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A review of school drug policies and their impact on youth substance use.

Authors
  • Evans-Whipp, Tracy
  • Beyers, Jennifer M
  • Lloyd, Sian
  • Lafazia, Andrea N
  • Toumbourou, John W
  • Arthur, Michael W
  • Catalano, Richard F
Type
Published Article
Journal
Health promotion international
Publication Date
Jun 01, 2004
Volume
19
Issue
2
Pages
227–234
Identifiers
PMID: 15128714
Source
Medline
License
Unknown

Abstract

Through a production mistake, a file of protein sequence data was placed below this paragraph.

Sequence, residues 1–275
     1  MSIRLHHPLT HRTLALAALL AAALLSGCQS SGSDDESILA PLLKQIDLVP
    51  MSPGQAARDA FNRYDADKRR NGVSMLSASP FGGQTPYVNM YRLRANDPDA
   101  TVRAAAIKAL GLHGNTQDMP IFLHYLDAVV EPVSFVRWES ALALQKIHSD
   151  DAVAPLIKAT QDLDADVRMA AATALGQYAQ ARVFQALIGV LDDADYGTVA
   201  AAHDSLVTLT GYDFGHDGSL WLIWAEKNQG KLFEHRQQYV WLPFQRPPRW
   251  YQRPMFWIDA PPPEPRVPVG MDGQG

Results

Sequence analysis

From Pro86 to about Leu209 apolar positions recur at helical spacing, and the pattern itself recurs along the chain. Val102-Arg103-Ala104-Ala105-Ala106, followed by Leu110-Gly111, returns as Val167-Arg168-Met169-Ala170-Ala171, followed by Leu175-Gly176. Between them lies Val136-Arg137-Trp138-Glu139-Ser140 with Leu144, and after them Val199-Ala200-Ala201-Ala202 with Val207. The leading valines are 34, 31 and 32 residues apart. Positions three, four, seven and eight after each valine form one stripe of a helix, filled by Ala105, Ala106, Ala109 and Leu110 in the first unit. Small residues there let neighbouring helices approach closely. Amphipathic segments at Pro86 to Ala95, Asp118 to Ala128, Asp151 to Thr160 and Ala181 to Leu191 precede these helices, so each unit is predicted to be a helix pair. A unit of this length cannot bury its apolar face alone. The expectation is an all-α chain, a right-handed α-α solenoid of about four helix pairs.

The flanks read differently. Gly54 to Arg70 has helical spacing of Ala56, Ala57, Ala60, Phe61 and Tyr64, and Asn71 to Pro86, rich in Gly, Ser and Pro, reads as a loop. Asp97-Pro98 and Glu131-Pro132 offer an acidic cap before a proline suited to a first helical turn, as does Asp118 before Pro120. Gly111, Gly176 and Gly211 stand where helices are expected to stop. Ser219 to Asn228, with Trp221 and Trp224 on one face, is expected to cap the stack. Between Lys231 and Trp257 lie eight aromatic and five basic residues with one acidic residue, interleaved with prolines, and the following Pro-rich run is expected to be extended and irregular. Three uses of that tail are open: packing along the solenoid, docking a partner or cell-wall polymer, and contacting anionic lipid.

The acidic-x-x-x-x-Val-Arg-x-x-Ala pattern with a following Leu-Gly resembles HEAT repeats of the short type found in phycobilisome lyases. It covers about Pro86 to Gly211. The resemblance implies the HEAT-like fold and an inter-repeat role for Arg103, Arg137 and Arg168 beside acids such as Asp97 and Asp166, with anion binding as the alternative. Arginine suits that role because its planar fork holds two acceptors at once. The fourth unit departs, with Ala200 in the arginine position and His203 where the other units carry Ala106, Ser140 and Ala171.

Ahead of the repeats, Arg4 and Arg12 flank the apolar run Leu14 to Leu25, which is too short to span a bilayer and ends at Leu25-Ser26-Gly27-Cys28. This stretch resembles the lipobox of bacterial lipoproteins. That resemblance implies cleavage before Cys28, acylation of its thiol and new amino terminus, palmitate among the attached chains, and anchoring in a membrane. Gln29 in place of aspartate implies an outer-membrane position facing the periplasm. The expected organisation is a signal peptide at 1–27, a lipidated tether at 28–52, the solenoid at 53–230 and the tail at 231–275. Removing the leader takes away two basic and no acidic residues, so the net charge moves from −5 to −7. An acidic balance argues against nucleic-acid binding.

Youth substance use is an important social and health problem in the United States, Australia and other Western nations. Schools are recognized as important sites for prevention efforts and school substance use policies are a key component of health promotion in schools. The first part of this paper reviews the known status of school policies on tobacco, alcohol and other illicit drugs in a number of Western countries and the existing evidence for the effectiveness of school drug policy in preventing drug use. The review shows that most schools in developed countries have substance use policies but that there is substantial variation in the comprehensiveness of these policies (i.e. the breadth of people, places and times of day that are explicitly subject to policy prohibitions), and the orientation of their enforcement (e.g. punitive versus remedial), both across and within schools. The few studies of policy impact focus solely on tobacco policy and provide preliminary evidence that more comprehensive and strictly enforced school policies are associated with less smoking. The second part of the paper introduces the International Youth Development Study, a new longitudinal research project aimed at comparing school policies and the developmental course of youth drug use in the United States, where drug policies are abstinence-based, with Australia, which has adopted a harm minimization approach to drug policy.

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